Friday, December 4, 2015
When I was barely fourteen my parents gave me the opportunity to go to an excellent boarding school for high school. Though I say “opportunity” now, at the time I said my parents “sent me” to boarding school. I was the oldest of five children in a very close-knit family and had younger brothers who were very cute at the ages of three and four. I wanted to be at home with the rest of the family and not miss out on all the goings-on – and there were plenty of those with so many children.
Though I objectively understood why my parents wanted me to attend a challenging boarding school for the stronger curriculum and better chance at an excellent college, at the young age of 14 subjectively I felt I was being “sent away.” I have often admitted in the ensuing years that I would never have been accepted at The College of William and Mary if I had not had the challenge in the classroom and built the confidence in my abilities afforded by living and learning in a boarding school environment.
Ultimately my parents sacrificed much in the way of material things and amenities to allow all five children to attend private boarding schools and excellent colleges. Through the years they put five us through independent schools from elementary through high school and then financed college and graduate school. Two of us went to highly regarded state institutions and three of us went to Ivy League schools. All of us have graduate degrees and work in respected fields pursuing satisfying careers. My parents’ goal of giving us the best education they could afford has been fulfilled.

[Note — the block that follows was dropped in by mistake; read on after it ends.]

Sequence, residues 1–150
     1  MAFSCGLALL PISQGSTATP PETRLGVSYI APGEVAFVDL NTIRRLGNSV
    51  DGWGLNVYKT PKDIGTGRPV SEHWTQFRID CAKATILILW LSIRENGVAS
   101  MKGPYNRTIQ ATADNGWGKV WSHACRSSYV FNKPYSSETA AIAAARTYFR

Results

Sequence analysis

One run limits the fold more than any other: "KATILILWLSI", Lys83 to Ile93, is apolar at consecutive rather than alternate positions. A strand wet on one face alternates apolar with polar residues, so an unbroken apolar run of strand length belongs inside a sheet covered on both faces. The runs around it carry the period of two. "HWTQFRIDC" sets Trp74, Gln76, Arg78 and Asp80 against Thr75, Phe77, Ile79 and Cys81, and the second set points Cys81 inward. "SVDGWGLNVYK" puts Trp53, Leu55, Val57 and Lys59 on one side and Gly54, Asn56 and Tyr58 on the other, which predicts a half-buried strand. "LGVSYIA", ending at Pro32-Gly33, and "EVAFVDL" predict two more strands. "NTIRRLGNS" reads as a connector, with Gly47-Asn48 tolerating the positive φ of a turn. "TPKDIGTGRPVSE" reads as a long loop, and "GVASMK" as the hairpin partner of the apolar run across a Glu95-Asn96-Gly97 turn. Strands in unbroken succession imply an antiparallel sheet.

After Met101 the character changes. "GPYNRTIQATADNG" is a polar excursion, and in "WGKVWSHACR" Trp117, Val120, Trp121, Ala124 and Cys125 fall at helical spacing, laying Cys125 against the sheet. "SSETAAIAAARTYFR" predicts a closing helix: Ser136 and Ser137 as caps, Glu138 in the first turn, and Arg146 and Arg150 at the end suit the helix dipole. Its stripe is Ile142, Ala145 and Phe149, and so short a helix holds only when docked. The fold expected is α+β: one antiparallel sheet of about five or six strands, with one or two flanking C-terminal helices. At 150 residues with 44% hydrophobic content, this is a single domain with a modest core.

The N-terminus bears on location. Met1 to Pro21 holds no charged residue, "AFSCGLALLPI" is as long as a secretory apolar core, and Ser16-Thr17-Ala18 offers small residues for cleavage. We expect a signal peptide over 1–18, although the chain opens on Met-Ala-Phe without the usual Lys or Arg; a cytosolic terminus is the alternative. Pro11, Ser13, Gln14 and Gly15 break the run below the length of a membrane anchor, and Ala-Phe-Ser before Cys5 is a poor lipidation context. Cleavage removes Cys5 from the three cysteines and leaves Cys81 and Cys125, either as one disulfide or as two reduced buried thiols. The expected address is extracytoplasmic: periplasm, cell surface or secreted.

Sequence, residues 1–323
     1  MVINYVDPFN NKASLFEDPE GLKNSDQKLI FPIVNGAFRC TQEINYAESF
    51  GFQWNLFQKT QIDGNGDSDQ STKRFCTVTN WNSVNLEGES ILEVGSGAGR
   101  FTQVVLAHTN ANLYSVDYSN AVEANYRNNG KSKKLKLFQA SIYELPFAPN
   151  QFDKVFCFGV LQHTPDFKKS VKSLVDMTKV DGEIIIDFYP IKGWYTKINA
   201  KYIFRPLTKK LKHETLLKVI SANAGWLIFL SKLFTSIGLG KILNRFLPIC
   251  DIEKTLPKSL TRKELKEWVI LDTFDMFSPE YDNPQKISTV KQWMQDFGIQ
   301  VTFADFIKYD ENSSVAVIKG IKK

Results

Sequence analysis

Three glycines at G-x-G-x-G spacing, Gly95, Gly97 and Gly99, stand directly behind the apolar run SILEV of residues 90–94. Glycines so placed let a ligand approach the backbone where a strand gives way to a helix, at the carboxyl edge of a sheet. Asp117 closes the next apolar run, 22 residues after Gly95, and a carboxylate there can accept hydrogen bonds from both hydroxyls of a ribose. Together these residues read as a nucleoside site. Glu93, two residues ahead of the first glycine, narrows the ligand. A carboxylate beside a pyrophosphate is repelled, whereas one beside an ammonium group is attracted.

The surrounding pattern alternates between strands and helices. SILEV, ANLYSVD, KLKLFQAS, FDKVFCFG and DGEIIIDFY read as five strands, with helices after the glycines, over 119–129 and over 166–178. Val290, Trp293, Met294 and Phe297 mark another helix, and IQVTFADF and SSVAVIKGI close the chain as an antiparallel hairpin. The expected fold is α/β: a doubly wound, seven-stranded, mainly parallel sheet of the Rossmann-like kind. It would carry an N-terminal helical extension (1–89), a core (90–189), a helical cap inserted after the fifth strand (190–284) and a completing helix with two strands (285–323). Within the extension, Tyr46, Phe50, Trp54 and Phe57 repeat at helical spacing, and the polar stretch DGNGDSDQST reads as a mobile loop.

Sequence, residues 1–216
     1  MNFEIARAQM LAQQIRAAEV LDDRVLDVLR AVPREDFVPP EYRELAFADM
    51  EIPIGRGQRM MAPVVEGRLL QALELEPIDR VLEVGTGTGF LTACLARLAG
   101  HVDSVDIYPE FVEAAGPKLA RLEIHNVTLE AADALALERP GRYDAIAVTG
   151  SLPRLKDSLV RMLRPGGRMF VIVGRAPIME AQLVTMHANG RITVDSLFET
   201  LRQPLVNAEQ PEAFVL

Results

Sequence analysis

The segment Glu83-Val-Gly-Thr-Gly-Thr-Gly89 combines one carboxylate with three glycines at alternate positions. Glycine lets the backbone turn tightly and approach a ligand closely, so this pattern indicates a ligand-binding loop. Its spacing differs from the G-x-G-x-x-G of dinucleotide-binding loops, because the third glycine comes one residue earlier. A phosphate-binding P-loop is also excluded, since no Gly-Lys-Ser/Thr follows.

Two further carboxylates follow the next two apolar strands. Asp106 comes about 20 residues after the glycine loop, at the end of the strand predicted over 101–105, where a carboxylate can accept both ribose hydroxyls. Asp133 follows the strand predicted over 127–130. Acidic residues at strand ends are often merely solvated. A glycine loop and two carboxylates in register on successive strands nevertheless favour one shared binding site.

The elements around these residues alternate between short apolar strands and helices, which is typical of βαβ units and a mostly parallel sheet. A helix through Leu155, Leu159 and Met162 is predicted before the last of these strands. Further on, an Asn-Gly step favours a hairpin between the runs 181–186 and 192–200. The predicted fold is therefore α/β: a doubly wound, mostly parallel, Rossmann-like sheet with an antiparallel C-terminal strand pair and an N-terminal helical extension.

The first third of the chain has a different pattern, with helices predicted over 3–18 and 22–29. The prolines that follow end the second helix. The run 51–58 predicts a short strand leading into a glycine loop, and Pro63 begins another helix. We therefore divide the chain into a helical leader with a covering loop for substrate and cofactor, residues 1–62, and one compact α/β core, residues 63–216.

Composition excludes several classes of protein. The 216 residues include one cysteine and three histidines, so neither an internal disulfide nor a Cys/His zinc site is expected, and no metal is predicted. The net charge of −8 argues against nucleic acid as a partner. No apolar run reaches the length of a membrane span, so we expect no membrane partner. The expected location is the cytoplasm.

Many years later I was participating in a strategic planning retreat at my elementary school where my children were now students. My father was also at this retreat and was in conversation with a young father who had only one child who was at the school. As he questioned my father about his family, their educations and their careers, the young father remarked, “My goodness, you must have spent hundreds of thousands of dollars on education for your children, do you ever regret it?” Before I could make some wisecrack about how he did each year as he looked down the Thanksgiving dinner table, my father replied in a very serious tone, “No. I gave my children a gift that they can never break, they can never lose, and no one can ever take away from them.”
This holiday season, consider what you can do to give your children the gift of an education.